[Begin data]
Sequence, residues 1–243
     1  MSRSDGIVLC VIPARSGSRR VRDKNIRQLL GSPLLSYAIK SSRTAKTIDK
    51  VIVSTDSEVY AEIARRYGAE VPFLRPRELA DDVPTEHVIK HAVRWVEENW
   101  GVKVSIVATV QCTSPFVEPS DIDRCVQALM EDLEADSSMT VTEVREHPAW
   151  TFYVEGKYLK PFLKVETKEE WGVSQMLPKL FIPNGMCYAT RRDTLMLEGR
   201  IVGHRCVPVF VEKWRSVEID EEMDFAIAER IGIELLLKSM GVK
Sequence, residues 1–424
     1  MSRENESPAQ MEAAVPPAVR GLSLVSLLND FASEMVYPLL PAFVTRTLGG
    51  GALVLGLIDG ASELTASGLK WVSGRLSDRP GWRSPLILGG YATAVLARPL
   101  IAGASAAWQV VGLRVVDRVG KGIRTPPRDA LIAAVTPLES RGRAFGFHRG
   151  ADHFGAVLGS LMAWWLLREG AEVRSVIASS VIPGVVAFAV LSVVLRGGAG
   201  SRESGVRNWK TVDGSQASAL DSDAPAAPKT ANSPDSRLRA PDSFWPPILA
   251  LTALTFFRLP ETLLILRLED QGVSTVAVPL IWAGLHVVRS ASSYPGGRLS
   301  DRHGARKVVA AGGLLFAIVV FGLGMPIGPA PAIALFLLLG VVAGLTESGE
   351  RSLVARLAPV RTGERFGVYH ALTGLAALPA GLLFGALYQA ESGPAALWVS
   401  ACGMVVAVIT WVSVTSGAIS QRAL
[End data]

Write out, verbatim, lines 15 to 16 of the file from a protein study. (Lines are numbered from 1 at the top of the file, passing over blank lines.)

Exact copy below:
   351  RSLVARLAPV RTGERFGVYH ALTGLAALPA GLLFGALYQA ESGPAALWVS
   401  ACGMVVAVIT WVSVTSGAIS QRAL